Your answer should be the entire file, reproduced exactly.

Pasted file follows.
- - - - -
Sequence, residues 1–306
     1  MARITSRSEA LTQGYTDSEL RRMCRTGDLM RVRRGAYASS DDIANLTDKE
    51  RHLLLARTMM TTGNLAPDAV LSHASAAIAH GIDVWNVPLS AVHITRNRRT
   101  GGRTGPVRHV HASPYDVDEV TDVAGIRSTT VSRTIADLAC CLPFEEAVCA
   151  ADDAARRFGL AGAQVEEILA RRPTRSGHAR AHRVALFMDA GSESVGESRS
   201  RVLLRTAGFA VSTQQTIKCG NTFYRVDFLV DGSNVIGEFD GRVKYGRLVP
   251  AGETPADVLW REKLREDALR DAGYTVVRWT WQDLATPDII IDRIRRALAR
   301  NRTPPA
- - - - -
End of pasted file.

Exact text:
Sequence, residues 1–306
     1  MARITSRSEA LTQGYTDSEL RRMCRTGDLM RVRRGAYASS DDIANLTDKE
    51  RHLLLARTMM TTGNLAPDAV LSHASAAIAH GIDVWNVPLS AVHITRNRRT
   101  GGRTGPVRHV HASPYDVDEV TDVAGIRSTT VSRTIADLAC CLPFEEAVCA
   151  ADDAARRFGL AGAQVEEILA RRPTRSGHAR AHRVALFMDA GSESVGESRS
   201  RVLLRTAGFA VSTQQTIKCG NTFYRVDFLV DGSNVIGEFD GRVKYGRLVP
   251  AGETPADVLW REKLREDALR DAGYTVVRWT WQDLATPDII IDRIRRALAR
   301  NRTPPA